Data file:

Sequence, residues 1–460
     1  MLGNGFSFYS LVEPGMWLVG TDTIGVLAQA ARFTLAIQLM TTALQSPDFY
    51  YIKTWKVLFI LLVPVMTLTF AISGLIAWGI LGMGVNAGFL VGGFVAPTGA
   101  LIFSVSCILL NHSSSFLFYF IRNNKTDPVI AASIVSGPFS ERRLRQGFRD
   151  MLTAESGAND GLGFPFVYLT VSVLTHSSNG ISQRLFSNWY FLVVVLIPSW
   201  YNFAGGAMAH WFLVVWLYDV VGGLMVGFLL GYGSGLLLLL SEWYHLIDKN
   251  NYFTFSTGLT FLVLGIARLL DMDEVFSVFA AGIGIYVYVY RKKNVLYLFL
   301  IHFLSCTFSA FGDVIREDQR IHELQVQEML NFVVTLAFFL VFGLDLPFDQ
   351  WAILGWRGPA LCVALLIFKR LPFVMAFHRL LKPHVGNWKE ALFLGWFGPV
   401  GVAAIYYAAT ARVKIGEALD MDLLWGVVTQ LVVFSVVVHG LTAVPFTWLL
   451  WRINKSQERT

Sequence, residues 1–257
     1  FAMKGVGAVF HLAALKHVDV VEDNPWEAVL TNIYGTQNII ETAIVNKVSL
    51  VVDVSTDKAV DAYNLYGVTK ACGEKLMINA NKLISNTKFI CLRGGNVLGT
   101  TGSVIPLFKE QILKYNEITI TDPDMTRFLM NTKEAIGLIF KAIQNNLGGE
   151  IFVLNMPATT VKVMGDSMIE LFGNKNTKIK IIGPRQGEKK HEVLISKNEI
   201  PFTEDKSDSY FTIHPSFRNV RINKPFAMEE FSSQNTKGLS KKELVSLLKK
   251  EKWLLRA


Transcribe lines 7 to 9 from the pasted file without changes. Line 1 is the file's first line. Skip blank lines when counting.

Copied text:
   251  NYFTFSTGLT FLVLGIARLL DMDEVFSVFA AGIGIYVYVY RKKNVLYLFL
   301  IHFLSCTFSA FGDVIREDQR IHELQVQEML NFVVTLAFFL VFGLDLPFDQ
   351  WAILGWRGPA LCVALLIFKR LPFVMAFHRL LKPHVGNWKE ALFLGWFGPV